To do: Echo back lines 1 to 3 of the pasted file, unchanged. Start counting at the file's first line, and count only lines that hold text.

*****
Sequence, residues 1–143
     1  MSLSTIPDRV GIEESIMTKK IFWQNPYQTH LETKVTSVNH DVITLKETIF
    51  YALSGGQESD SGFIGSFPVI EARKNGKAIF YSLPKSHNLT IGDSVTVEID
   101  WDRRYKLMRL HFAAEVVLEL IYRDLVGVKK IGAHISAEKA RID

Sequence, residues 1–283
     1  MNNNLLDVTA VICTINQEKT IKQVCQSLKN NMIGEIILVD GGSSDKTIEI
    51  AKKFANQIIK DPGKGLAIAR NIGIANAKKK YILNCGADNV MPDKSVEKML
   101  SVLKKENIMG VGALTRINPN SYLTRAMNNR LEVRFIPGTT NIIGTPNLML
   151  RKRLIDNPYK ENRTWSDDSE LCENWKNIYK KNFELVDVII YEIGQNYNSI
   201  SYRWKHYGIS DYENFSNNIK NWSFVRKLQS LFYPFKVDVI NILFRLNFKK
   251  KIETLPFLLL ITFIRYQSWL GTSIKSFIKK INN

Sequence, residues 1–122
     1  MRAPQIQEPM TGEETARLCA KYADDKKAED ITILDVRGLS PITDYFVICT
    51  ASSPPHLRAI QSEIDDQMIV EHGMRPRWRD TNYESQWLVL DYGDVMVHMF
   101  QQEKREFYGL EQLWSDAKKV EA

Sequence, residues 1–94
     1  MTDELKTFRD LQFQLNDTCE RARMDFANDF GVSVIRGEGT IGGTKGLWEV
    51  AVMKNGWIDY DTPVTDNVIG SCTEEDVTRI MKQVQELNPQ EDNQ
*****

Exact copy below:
Sequence, residues 1–143
     1  MSLSTIPDRV GIEESIMTKK IFWQNPYQTH LETKVTSVNH DVITLKETIF
    51  YALSGGQESD SGFIGSFPVI EARKNGKAIF YSLPKSHNLT IGDSVTVEID